The Grand Mosque of Sheikh Zayed

The Beautiful Creation

Anyone who has been to or seen the Sheikh Zayed Grand Mosque was left mesmerized by its adorable and eye-catching design. This mosque is a work of art that pleases your senses and reminds you of the wonders that can be created by the human mind. But there is a lot more to the mosque than what meets the eye. We’re going to share with you some of the most interesting facts about the Sheikh Zayed mosque.

The Reason Behind the Grand Mosque

Sheikh Zayed Grand Mosque was constructed between the years of 1996 and 2007. It is known to be the largest Mosque in the United Arab Emirates, measuring nine hundred and sixty ft x thousand three hundred and sixty ft. and covering approximately thirty acres of space.  The late president of the United Arab Emirates Sheikh Zayed bin Sultan Al Nahyan wanted his soul to rest in a beautiful spiritual place, thus he personally launched and supervised this majestic project. You can glimpse the mosque’s beautiful architecture from quite a distance. When you visit the mosque, you can find Sheikh Zayed’s grave in the courtyard, you can also find the library which has rarely published books.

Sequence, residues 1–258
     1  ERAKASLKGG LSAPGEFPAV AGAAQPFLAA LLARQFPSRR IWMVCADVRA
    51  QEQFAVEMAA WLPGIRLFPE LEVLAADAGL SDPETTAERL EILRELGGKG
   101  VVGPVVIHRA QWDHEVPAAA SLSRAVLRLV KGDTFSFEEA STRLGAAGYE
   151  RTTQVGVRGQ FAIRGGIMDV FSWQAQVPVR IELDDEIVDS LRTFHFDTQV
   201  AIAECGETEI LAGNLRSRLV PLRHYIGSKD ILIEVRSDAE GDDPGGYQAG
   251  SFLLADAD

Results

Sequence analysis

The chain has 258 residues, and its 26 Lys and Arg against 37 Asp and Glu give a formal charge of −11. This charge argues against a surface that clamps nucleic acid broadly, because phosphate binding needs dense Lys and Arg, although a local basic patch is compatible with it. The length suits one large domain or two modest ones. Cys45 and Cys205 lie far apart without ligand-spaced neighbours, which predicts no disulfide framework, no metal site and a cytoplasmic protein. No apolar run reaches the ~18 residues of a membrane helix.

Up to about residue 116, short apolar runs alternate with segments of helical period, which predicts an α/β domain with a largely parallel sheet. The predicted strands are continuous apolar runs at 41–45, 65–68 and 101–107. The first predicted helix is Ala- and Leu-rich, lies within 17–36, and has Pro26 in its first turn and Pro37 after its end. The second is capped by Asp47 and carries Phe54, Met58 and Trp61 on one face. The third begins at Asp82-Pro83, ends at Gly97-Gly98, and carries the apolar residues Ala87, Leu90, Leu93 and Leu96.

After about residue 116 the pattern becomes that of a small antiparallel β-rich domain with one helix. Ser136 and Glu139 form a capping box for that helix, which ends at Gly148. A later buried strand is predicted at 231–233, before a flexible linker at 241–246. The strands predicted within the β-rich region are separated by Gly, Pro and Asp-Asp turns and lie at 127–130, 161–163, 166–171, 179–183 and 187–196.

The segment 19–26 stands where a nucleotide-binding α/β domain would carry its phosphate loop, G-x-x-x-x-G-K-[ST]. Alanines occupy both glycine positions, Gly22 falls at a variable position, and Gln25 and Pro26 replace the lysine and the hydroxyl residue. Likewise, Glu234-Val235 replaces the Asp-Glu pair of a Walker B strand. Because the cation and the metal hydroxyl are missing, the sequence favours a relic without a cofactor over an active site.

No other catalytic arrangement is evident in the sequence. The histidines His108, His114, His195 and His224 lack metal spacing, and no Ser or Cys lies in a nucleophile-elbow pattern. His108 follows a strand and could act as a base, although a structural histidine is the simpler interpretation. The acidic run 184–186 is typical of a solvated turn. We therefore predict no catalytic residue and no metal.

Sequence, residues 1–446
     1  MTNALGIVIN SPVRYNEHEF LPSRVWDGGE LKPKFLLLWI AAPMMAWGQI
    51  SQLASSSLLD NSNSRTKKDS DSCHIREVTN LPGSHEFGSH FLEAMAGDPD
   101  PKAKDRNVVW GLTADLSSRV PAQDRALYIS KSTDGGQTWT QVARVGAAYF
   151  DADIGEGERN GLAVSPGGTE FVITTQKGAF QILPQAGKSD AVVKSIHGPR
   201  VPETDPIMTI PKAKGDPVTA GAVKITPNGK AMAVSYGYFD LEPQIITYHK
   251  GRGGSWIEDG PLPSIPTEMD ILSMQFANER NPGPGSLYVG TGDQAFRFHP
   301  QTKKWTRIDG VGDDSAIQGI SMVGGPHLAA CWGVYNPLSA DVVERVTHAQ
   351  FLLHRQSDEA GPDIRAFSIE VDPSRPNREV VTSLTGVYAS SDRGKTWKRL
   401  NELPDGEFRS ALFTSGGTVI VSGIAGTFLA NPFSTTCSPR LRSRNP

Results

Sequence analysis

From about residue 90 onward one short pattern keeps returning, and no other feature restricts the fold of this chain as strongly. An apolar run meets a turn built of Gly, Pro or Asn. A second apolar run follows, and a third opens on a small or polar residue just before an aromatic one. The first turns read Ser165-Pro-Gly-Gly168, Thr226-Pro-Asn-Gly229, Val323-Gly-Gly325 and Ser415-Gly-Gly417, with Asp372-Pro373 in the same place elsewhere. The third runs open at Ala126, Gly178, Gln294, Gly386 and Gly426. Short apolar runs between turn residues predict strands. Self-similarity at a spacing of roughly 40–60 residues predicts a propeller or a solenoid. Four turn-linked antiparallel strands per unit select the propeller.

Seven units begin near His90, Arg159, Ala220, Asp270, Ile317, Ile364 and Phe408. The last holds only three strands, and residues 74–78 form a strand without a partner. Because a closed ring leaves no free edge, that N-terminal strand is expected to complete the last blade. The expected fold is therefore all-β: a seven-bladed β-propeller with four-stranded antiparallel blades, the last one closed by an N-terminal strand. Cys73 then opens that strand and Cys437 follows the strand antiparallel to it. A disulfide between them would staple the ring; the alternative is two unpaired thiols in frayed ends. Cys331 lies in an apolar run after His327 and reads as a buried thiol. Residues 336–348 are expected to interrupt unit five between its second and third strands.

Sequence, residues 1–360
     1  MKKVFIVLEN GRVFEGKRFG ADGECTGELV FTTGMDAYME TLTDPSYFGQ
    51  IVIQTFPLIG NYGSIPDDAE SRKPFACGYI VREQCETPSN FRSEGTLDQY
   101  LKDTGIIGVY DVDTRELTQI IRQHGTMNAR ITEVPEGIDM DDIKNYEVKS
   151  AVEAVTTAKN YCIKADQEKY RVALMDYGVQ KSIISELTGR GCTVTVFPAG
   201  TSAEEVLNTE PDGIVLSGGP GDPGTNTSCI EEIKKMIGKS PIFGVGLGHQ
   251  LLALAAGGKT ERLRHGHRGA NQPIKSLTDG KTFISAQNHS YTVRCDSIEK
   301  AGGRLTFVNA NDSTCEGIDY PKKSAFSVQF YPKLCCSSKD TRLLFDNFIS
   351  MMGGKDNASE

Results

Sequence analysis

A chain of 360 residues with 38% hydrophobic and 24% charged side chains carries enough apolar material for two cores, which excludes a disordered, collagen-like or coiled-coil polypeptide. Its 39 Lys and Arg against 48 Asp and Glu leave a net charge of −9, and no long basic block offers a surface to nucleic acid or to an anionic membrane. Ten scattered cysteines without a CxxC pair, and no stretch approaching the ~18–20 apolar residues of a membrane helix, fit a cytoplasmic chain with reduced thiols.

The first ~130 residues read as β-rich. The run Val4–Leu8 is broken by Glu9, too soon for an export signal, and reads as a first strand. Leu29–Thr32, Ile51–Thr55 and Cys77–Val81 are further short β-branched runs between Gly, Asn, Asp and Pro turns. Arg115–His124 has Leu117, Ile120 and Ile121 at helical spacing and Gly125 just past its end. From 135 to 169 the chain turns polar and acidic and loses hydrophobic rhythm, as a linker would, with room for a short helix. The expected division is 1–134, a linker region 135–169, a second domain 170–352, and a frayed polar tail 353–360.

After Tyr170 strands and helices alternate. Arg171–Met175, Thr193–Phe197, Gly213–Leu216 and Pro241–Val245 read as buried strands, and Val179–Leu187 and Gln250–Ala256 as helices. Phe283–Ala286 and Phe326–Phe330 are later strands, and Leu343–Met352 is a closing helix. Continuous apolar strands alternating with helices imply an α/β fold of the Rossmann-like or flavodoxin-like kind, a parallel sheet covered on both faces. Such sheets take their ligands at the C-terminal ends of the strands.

The Library

The mosque became a center of learning and discovery through its educational cultural activities. The library serves the community with classic books and publications addressing a range of Islamic subjects: sciences, civilization, calligraphy, the arts, and coins, including some rare publications. The collection serves material in a broad range of languages, including Arabic, English, French, Italian, Spanish, German, and Korean.